New Zealand 🇳🇿: To exchange or not to exchange?

Considering doing your final semester master thesis abroad? Well, think big: The Master’s in Bioentrepreneurship exchange programme is exclusively with the University of Auckland in New Zealand! It’s a bit of an all-or-nothing deal, so there’s definitely lots of decision-making to do. Let’s dive into my pros and cons list and figure out if this adventure is a go or a no-go!

To exchange 👍

✅ It’s a unique opportunity 

The MBE programme may be the last chance to experience a semester abroad as a student. Especially in a remote place like New Zealand, the student umbrella becomes a strong benefit when receiving guidance and recommendations on how to navigate your time abroad. It is one thing to book a trip to New Zealand and solo travel, but it is a completely different experience to do your thesis placement and travel as a student. I believe it provides a better overview of what living in New Zealand is really like, and you start feeling more like a Kiwi (New Zealand local) yourself (speaking from personal experience here 🤠🥝). Besides, two people are selected to write their thesis abroad (and it just so happened that one of my closest friends Antonella and I were selected together 👯‍♀️) so you would not be alone on this journey.

✅ International exposure and connections

The thesis is written alongside a company of your choice that will help you with your research and provide valuable insights. The exposure you get to the life science landscape in the APAC region depends on two main things: 1) The company and 2) You. For example, the company we collaborated with to write our thesis was incredibly kind for inviting and sponsoring us to attend the annual Life Science Summit in Wellington. The event lasted a few days and was one of the most valuable learning experiences I have ever had. I came out with an understanding of the biotech trends in Oceania, a deepened knowledge on how the venture capital world works, and numerous valuable connections with industry leaders. However, I had to push myself to come up and speak to people, ask questions, and make the most of the event. Networking can get exhausting at times, but it is one of the most important things in the business world 🌏.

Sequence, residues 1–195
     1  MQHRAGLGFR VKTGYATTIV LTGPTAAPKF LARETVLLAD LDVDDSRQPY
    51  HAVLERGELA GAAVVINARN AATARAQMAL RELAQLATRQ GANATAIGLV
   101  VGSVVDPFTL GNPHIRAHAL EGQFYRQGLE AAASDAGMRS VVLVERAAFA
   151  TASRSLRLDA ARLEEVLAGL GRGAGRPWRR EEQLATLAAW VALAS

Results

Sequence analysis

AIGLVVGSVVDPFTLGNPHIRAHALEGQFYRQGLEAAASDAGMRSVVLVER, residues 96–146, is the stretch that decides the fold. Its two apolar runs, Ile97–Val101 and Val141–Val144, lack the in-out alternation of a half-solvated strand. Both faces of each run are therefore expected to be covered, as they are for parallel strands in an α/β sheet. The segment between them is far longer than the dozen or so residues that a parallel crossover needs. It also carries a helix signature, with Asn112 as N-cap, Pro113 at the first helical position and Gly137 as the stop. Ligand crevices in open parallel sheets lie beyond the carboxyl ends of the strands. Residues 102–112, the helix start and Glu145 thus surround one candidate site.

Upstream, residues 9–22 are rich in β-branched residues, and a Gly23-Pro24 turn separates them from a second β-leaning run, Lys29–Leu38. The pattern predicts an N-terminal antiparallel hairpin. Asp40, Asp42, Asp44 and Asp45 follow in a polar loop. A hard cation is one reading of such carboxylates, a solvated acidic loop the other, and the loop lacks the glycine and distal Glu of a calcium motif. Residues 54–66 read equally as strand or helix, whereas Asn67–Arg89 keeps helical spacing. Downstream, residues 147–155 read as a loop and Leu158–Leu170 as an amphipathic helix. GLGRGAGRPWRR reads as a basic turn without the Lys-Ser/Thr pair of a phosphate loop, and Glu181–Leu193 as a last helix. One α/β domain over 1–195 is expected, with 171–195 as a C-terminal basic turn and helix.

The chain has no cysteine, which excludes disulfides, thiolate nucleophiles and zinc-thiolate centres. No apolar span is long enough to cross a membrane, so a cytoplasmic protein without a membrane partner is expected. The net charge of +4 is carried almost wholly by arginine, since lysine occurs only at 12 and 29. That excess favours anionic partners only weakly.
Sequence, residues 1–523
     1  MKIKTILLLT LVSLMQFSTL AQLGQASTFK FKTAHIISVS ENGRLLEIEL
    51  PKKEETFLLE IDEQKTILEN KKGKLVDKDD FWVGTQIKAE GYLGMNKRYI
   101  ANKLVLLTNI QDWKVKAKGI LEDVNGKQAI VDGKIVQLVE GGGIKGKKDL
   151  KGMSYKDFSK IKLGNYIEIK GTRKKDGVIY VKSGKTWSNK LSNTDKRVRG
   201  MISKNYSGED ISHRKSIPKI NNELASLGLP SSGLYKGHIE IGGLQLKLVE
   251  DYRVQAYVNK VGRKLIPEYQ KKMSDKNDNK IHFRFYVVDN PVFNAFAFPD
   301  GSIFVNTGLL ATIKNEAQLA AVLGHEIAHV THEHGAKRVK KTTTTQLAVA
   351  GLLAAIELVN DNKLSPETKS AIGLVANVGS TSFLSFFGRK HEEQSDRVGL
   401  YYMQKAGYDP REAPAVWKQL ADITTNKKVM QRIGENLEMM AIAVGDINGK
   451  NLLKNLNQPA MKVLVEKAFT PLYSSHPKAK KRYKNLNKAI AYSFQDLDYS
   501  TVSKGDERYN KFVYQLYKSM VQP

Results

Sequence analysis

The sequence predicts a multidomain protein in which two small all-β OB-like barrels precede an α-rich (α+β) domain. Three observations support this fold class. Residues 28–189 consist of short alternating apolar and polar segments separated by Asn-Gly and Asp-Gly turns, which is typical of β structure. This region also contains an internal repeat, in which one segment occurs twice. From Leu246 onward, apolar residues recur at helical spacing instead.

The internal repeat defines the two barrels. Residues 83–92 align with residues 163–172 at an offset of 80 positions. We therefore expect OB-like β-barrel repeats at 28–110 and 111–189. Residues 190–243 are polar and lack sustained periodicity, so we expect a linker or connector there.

✅ Personal and professional growth

I have moved between quite a few countries throughout my life, and noticed that each place has a unique social dynamic and cultural aspects that must be taken into account when interacting with locals. For example, I noticed Kiwis are much more transparent and open about their personal lives than Swedes. It then becomes more acceptable for me to share my personal stories without me making the situation awkward and feeling like I’m oversharing😅. I definitely feel like spending a semester abroad contributes to shaping you as a person and makes you a more well-rounded person. On a professional level, international experience is always beneficial, if not desired. For example, some graduate roles in large pharmaceutical companies explicitly state that the ideal candidate should have some international experience, such as an exchange semester. Although these job descriptions should not be your main motivation to go on exchange, it can be a small encouraging thought 😊.

NOT to exchange 👎

🚫 There is A LOT of planning